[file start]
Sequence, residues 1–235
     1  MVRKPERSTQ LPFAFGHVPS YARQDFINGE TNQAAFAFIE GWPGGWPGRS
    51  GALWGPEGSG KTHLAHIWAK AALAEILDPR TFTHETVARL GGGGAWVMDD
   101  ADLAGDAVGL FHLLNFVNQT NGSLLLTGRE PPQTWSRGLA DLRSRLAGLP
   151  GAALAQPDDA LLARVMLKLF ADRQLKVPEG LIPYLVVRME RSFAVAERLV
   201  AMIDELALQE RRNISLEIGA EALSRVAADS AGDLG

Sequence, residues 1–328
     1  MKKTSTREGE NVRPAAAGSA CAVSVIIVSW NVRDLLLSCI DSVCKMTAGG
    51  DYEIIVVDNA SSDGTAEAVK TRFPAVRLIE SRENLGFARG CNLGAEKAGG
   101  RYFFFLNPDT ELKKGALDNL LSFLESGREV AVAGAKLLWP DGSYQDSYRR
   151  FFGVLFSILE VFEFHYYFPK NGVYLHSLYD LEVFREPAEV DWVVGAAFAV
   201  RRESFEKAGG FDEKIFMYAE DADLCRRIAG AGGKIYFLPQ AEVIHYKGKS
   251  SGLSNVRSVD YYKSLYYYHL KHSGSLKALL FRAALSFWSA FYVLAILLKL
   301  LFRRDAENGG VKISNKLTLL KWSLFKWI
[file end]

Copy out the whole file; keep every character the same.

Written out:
Sequence, residues 1–235
     1  MVRKPERSTQ LPFAFGHVPS YARQDFINGE TNQAAFAFIE GWPGGWPGRS
    51  GALWGPEGSG KTHLAHIWAK AALAEILDPR TFTHETVARL GGGGAWVMDD
   101  ADLAGDAVGL FHLLNFVNQT NGSLLLTGRE PPQTWSRGLA DLRSRLAGLP
   151  GAALAQPDDA LLARVMLKLF ADRQLKVPEG LIPYLVVRME RSFAVAERLV
   201  AMIDELALQE RRNISLEIGA EALSRVAADS AGDLG

Sequence, residues 1–328
     1  MKKTSTREGE NVRPAAAGSA CAVSVIIVSW NVRDLLLSCI DSVCKMTAGG
    51  DYEIIVVDNA SSDGTAEAVK TRFPAVRLIE SRENLGFARG CNLGAEKAGG
   101  RYFFFLNPDT ELKKGALDNL LSFLESGREV AVAGAKLLWP DGSYQDSYRR
   151  FFGVLFSILE VFEFHYYFPK NGVYLHSLYD LEVFREPAEV DWVVGAAFAV
   201  RRESFEKAGG FDEKIFMYAE DADLCRRIAG AGGKIYFLPQ AEVIHYKGKS
   251  SGLSNVRSVD YYKSLYYYHL KHSGSLKALL FRAALSFWSA FYVLAILLKL
   301  LFRRDAENGG VKISNKLTLL KWSLFKWI